Shoulder and Elbow Health Part 2, by Craig Hughes, Operations Manager, Julie A. Cole Rehab and Sports Medicine
Preventative measures should be taken before an athlete throws to decrease the chances of arm soreness or damage. It is important to keep the arm and shoulder strong by building muscles through strengthening, stretching and exercising. Keeping the muscles mobile and strong will help prevent injury and soreness from occurring, which in turn can improve performance.
As shoulder/elbow endurance and strength are key components in maintaining the overall health of an athletes’ throwing arm, a few areas that are often overlooked include a preseason throwing program, positions the athlete plays in the day(s) following pitching, pitch counts, inning limitations and long toss programs.
Warmup is important prior to throwing. When practice begins and as positions are being determined, the athletes can be asked to throw or make multiple throws at high velocity with minimal preseason training. This can start the initial inflammatory process within the shoulder and elbow.
Most players play multiple positions that may affect their secondary position. This can place additonal stress on the shoulder and elbow due to the increased volume/velocity demands on those joints that are already fatigued from throwing the previous day. For example, a pitcher who is also a catcher or an infielder uses throwing mechancs that can place additional stressors to the shoulder/elbow structures.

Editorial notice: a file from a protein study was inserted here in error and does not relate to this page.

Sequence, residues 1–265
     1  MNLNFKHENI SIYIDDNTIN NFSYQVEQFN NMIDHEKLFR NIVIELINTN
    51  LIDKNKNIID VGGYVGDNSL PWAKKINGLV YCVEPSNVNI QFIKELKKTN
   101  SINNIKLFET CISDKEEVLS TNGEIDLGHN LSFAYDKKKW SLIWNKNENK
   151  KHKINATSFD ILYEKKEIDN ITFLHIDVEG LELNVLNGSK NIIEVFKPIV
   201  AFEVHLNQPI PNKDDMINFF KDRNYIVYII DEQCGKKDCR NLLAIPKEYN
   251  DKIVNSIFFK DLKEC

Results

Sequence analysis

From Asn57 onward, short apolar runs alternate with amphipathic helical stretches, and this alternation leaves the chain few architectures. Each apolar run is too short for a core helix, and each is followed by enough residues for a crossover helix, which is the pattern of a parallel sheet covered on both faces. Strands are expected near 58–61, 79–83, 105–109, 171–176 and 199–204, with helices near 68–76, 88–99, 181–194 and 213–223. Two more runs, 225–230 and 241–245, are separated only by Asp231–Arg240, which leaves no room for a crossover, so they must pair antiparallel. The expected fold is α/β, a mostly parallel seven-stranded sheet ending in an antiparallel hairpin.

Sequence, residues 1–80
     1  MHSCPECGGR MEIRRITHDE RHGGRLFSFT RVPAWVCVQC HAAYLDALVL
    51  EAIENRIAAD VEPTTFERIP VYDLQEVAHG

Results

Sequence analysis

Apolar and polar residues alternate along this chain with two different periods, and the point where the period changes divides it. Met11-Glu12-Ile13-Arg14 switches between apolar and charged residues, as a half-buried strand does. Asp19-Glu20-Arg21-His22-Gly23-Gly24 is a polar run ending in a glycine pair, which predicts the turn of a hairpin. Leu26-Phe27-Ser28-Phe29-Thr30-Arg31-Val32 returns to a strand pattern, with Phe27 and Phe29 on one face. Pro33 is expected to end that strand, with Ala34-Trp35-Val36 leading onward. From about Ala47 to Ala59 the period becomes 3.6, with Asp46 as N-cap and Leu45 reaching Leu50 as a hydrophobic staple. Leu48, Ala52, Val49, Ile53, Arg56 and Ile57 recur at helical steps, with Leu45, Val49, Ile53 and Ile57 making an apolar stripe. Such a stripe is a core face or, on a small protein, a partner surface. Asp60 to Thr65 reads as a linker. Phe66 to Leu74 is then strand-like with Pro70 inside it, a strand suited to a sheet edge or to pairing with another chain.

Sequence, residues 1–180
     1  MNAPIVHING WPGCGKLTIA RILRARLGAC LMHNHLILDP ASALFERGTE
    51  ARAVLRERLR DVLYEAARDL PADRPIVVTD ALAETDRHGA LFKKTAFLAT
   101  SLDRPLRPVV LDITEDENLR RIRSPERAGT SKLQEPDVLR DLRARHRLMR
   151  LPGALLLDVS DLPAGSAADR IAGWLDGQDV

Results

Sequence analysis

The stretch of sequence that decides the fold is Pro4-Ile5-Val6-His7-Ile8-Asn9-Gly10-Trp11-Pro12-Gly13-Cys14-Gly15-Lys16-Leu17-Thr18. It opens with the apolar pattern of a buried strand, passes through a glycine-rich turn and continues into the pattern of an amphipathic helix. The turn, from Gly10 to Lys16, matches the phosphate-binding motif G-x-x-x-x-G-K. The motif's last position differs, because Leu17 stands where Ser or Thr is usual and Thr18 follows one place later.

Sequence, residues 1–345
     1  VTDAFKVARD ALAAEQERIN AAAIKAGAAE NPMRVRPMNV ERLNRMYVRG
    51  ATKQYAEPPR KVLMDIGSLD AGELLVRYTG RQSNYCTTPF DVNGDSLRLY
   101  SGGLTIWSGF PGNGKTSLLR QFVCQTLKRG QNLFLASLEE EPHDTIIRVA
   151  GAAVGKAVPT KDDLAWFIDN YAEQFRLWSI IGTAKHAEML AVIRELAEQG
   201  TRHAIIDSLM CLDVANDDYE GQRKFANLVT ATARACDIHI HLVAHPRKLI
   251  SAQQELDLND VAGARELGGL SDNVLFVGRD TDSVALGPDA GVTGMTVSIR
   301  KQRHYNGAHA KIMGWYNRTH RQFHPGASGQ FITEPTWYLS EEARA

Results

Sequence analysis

The use of pitch counts assists players, coaches and parents in making sure the athlete is not overthrowing while maintaining shoulder/elbow health. Depending on the number of pitches thrown, there is a mandatory rest period once an athlete meets that limit. Many organizations including the Ohio High School Athletic Association (OHSAA), Cal Ripken Baseball, and Pony League have implemented pitch limitations that require a mandatory rest for a set number of days, ranging from zero days of rest for 20 to 30 pitches thrown, to three to four days of rest for 76 to 85 pitches thrown. There are also some limits on the maximum number of pitches that can be thrown on any one day: 50 to 125, depending on the level of play. However, athletes playing multiple contests and/or in mutiple leagues make these pitch counts hard to consistently track. The coach, athlete and/or parent should be involved in tracking the number of throws daily and weekly.
Inning restriction is more common at younger levels with two innnings being the most a pitcher can pitch in one day if he or she has not met the pitch limits of his or her league. Inning limits in addition to pitch limits should be taken into consideration if a pitcher is struggling to find the “zone.” When struggling to find the zone, athletes may compromise their proper throwing mechanics in an effort to throw strikes, creating undue stress on the throwing arm while becoming frustrated.
Long toss programs consist of a set number of throws from a specific distance, rest times and percentage of velocity. This type of program then increases in distance thrown over a period of time while increasing the number of throws made with increasing velocities. When beginning to throw, the distance, number of throws, age of the athlete and previous experience should all be considered. There are many types of throws that an athlete can perform when they are mature enough to withstand the forces placed on the shoulder and elbow with the correct instruction.
These programs can be started during preseason training or during rehabilitation of an injury to increase arm/throwing strength and frequency to avoid future injuries. While these preventative measures can help maintain shoulder and elbow health, growing athletes have special needs related to throwing and the overall health of growth plates. Age-related game and throwing limitations can be discussed with a coach, therapist or orthopedic provider.